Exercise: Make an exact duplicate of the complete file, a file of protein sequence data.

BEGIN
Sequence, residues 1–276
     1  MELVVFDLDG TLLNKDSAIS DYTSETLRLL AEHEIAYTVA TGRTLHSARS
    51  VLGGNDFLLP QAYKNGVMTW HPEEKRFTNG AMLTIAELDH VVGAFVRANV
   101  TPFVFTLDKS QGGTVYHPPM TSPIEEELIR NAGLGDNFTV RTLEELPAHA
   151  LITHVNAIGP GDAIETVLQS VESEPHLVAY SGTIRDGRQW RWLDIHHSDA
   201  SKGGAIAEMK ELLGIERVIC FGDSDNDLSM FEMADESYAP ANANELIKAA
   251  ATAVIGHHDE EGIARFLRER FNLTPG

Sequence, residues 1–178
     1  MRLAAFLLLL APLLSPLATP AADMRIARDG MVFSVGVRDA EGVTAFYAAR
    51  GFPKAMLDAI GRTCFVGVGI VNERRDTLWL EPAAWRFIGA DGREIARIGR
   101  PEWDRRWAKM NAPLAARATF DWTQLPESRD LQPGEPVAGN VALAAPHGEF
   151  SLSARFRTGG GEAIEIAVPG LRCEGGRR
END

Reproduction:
Sequence, residues 1–276
     1  MELVVFDLDG TLLNKDSAIS DYTSETLRLL AEHEIAYTVA TGRTLHSARS
    51  VLGGNDFLLP QAYKNGVMTW HPEEKRFTNG AMLTIAELDH VVGAFVRANV
   101  TPFVFTLDKS QGGTVYHPPM TSPIEEELIR NAGLGDNFTV RTLEELPAHA
   151  LITHVNAIGP GDAIETVLQS VESEPHLVAY SGTIRDGRQW RWLDIHHSDA
   201  SKGGAIAEMK ELLGIERVIC FGDSDNDLSM FEMADESYAP ANANELIKAA
   251  ATAVIGHHDE EGIARFLRER FNLTPG

Sequence, residues 1–178
     1  MRLAAFLLLL APLLSPLATP AADMRIARDG MVFSVGVRDA EGVTAFYAAR
    51  GFPKAMLDAI GRTCFVGVGI VNERRDTLWL EPAAWRFIGA DGREIARIGR
   101  PEWDRRWAKM NAPLAARATF DWTQLPESRD LQPGEPVAGN VALAAPHGEF
   151  SLSARFRTGG GEAIEIAVPG LRCEGGRR